ELECTRON FLASH FOR THE CLINIC: LINAC CONVERSION, COMMISSIONING AND TREATMENT PLANNING

Session Type
FLASH in the Clinic Track (Oral Presentations)
Date
Wed, 01.12.2021
Session Time
10:20 - 11:30
Room
Hall C
Lecture Time
10:50 - 11:00

Abstract

Background and Aims

We present the rigorous commissioning of a modified LINAC to deliver ultrahigh dose-rate (UHDR) electron beam and implementation of its model in a widely adopted treatment planning system (TPS) with minimal changes to the clinical setting.

Methods

A Varian Clinac 2100C/D was converted to deliver UHDR beams by withdrawing the target and scattering foil in 10MV x-ray mode. Beam characteristics and stability were quantified by film, Cherenkov, and scintillation imaging. The Geant4 generated beam model was validated with film and implemented in Varian Eclipse TPS. Electron FLASH radiotherapy (eFLASH-RT) plans were generated for representative mammal and human patient cases accounting for complex geometries and anatomical inhomogeneities.beam model.jpg

Results

The surface mean-dose-rate at the isocenter was >230Gy/s for all measured fields with adequate long-term stability (deviations of output <7%, symmetry/flatness <2%, spatial shift and FWHM <2mm). The TPS model was validated to clinical accuracy (average error <1.5% for lateral profiles and <2% for percent-depth-dose profiles). Treatments plans were generated and accurately delivered to normal porcine skin surface tissue and a melanoma tumor in a canine’s posterior oral cavity. A human eFLASH-RT plan comparable to a conventional electron plan was achieved by utilizing routine accessories, oblique gantry angle and couch kick.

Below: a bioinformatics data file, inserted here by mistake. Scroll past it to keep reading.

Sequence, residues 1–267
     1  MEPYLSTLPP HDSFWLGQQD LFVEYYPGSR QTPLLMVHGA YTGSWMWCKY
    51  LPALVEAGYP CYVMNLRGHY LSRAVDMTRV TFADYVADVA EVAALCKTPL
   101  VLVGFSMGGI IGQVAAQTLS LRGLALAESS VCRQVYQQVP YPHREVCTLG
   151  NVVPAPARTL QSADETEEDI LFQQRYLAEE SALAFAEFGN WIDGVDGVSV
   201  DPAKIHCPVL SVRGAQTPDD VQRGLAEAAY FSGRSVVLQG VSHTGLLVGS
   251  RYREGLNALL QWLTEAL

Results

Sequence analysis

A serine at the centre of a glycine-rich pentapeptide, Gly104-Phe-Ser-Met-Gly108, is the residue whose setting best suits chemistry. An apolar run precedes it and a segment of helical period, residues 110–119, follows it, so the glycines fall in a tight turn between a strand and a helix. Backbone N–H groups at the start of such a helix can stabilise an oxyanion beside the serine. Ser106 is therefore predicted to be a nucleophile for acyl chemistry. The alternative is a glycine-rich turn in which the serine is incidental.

commissioning.jpgtreatmentplans.jpg

Conclusions

Treatment planning and accurate delivery of eFLASH-RT were feasible in minimally modified radiation oncology clinical settings. The modifications and open-source TPS model are readily transferable to facilitate clinical translation of eFLASH-RT.

Acknowledgment: This work was supported by the Norris Cotton Cancer Center (grant P30CA023108) and Thayer School of Engineering (seed funding and grant R01EB024498).

Hide

IN VIVO QUANTIFICATION OF OXYGEN DEPLETION BY ELECTRON FLASH IRRADIATION

Session Type
FLASH Mechanisms Track (Oral Presentations)
Date
Fri, 03.12.2021
Session Time
10:50 - 11:50
Room
Room 2.15
Lecture Time
11:10 - 11:20

Abstract

Background and Aims

The major hypothesis for the underlying mechanism of normal tissue sparing by FLASH has focused on oxygen depletion, however no experimental data have been presented to support it. The aim of this study was to assess changes in tissue oxygenation in vivo produced by FLASH irradiation.

Methods

Oxygen measurements were performed in vivo and in vitro using the phosphorescence quenching method and molecular probe Oxyphor 2P. The changes in oxygenation were quantified in response to irradiation by a 10 MeV electron beam operating at either ultra-high dose rates (UHDR) reaching 300 Gy/s or at conventional dose rates of 0.1 Gy/s.

Results

In vitro experiments with 5% BSA solutions resulted in oxygen depletion g-values of 0.19-0.21 mmHg/Gy for conventional irradiation and 0.16-0.17 mmHg/Gy for UHDR irradiation. In vivo, the total decrease in oxygen after a single fraction of 20 Gy FLASH irradiation was 2.3±0.3 mmHg in normal tissue and 1.0±0.2 mmHg in tumor tissue (p-value < 0.00001), while no changes in oxygenation were observed from a single fraction of 20 Gy applied at conventional dose rates.

Conclusions

In vitro experiments with 5% BSA solutions resulted in oxygen depletion g-values of 0.19-0.21 mmHg/Gy for conventional irradiation and 0.16-0.17 mmHg/Gy for UHDR irradiation. In vivo, the total decrease in oxygen after a single fraction of 20 Gy FLASH irradiation was 2.3±0.3 mmHg in normal tissue and 1.0±0.2 mmHg in tumor tissue (p-value < 0.00001), while no changes in oxygenation were observed from a single fraction of 20 Gy applied at conventional dose rates.

Hide